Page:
A British cavalry officer fleeing traumatic memories seeks solace on a Scottish island, but his new refuge may not be remote enough to let him escape a dangerous enemy.
When Capt. John Lacroix returns from the Napoleonic wars in Spain to his Somerset estate, he is broken in body and spirit. It is 1809, and the evacuation of retreating British forces from the port of Corunna is a humiliating defeat. “None of this has the look of victory,” says the doctor treating him. As Nell, the housekeeper, tends his wounds, Lacroix slowly heals physically. But he refuses to talk about his battlefield experiences, saying only, “The war was very hard on horses, Nell.” When he receives orders to return to his regiment, the young man decides to flee, embarking on a journey north to the remote Hebrides, where he will find healing and love with the free-thinking Emily Frend. Traveling under an assumed name, Lacroix is unaware that Cpl. Calley and Lt. Medina, two soldiers, are in pursuit with secret orders to kill him. Calley, who identified Lacroix as the officer responsible for an atrocity in a Spanish village, is remorseless in his hunt. By alternating the narrative between Lacroix and his pursuers, Miller (The Crossing, 2017, etc.) effectively ratchets up the tension and suspense. With a less-skilled writer, naming characters after the officers and soldiers charged in the 1968 My Lai massacre in Vietnam could have come across as a ham-fisted approach, but it’s appropriately chilling in this melancholy portrait of war, culpability, and redemption. The luscious prose (“the mud was liquid clay”) adds to the mood, and Miller’s precise historical details (a horn spoon tucked into an apron pocket) feel organic and real; the author keeps his research well hidden. The dazzling, ambiguous ending will fodder plenty of book-club debate.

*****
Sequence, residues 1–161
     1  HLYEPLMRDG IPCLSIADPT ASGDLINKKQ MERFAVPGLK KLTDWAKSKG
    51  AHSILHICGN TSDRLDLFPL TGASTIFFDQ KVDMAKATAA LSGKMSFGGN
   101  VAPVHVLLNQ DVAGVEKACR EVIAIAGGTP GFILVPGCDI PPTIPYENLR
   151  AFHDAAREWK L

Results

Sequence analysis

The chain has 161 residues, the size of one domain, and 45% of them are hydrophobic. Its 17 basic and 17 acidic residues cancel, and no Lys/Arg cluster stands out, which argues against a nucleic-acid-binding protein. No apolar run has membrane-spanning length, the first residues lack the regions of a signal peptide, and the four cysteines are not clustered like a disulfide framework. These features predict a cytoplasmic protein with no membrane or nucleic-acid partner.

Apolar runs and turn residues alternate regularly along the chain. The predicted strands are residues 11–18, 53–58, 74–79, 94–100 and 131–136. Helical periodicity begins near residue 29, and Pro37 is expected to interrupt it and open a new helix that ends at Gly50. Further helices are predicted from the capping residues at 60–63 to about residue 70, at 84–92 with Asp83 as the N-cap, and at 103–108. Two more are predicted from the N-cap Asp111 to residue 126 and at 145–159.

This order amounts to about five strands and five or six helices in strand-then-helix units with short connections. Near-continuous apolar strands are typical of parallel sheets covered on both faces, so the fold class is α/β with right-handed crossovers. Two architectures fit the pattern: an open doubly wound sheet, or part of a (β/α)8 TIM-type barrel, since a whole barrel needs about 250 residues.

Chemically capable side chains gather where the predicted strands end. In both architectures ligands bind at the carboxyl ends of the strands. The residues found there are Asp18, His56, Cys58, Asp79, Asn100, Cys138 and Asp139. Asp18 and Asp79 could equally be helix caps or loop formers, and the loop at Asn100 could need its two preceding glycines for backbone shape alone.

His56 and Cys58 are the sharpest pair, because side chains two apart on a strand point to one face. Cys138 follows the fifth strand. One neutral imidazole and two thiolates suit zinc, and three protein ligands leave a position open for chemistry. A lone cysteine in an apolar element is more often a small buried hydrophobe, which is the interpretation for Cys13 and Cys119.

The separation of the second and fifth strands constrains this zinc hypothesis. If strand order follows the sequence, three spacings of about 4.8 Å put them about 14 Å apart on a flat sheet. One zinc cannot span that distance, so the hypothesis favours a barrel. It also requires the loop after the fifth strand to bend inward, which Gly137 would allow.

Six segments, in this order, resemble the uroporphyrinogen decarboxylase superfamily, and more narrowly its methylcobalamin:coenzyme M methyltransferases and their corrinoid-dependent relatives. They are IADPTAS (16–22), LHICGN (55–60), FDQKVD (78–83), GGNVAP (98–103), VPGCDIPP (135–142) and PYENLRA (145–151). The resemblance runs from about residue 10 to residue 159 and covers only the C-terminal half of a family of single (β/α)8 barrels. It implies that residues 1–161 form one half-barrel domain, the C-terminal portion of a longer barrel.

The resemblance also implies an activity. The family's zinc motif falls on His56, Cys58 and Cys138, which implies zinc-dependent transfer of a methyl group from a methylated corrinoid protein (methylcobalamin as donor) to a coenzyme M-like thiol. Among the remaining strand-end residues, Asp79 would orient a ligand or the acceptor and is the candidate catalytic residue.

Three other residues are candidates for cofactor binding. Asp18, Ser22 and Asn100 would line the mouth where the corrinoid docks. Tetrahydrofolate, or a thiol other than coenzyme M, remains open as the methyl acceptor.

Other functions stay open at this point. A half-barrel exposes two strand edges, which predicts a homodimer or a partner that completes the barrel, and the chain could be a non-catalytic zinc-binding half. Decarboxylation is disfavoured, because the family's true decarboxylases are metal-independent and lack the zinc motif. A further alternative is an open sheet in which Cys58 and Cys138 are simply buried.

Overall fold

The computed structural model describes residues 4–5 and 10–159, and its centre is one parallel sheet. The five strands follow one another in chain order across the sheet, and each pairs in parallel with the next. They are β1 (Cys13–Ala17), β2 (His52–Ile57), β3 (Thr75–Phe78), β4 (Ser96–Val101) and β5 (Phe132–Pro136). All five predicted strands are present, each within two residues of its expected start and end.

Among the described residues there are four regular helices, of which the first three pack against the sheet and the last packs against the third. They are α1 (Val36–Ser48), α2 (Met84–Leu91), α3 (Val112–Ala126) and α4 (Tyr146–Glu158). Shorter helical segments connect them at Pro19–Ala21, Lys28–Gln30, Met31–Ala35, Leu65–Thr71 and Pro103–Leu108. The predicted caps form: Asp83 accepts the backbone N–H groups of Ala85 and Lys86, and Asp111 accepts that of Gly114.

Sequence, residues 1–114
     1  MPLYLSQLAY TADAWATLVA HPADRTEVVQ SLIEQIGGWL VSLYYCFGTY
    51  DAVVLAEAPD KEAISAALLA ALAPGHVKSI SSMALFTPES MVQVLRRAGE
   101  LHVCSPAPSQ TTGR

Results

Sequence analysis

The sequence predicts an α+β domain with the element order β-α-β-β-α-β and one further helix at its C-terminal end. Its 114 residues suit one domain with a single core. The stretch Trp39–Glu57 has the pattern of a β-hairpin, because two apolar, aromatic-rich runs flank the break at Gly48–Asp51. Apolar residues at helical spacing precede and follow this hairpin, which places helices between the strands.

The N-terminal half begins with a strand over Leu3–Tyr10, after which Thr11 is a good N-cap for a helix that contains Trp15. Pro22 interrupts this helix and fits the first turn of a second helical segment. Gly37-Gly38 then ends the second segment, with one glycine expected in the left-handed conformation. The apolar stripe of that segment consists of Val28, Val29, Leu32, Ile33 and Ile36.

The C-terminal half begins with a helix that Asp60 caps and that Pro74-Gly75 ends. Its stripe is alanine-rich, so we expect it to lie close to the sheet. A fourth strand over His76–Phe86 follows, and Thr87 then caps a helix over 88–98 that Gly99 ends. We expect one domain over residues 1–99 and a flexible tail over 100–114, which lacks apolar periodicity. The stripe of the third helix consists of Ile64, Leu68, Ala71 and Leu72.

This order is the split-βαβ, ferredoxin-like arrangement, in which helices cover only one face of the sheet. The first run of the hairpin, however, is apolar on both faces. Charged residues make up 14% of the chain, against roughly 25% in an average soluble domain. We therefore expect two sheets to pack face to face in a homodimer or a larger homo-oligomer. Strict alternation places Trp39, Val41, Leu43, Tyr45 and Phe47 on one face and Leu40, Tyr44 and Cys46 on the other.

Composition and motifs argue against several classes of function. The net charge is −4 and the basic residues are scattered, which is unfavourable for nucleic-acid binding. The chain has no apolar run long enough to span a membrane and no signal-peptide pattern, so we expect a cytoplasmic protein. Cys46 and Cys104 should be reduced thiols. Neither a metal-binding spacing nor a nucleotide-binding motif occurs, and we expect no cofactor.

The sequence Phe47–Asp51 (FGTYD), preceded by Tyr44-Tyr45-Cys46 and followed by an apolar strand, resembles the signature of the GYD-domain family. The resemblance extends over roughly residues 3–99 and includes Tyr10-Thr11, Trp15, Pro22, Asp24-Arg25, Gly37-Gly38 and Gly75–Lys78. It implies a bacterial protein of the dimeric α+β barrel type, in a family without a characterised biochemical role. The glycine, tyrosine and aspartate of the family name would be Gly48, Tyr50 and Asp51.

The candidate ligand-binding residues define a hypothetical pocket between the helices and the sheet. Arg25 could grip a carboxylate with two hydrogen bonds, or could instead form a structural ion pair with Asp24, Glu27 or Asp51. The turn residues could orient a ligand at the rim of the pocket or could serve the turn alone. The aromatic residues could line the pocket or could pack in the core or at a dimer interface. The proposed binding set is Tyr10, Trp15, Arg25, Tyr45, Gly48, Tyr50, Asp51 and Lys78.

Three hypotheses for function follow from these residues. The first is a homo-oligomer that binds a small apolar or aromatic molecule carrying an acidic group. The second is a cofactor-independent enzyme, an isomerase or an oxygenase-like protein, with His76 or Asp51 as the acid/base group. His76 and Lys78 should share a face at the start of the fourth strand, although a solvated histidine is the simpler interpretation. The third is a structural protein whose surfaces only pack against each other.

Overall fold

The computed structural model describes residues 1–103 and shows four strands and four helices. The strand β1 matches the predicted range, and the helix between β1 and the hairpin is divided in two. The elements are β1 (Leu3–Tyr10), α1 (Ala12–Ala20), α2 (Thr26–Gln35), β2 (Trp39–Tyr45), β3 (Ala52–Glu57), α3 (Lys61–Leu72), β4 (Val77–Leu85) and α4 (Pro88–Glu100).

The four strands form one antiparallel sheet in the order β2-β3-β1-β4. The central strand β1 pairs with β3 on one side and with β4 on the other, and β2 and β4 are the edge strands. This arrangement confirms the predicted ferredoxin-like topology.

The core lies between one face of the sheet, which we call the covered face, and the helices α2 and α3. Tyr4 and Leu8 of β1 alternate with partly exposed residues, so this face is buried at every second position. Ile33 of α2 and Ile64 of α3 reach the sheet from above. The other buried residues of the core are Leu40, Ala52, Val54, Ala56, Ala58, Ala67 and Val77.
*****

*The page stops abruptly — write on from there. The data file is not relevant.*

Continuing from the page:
Miller is in fine form here, mixing an unforgettable cat-and-mouse chase with a moving love story.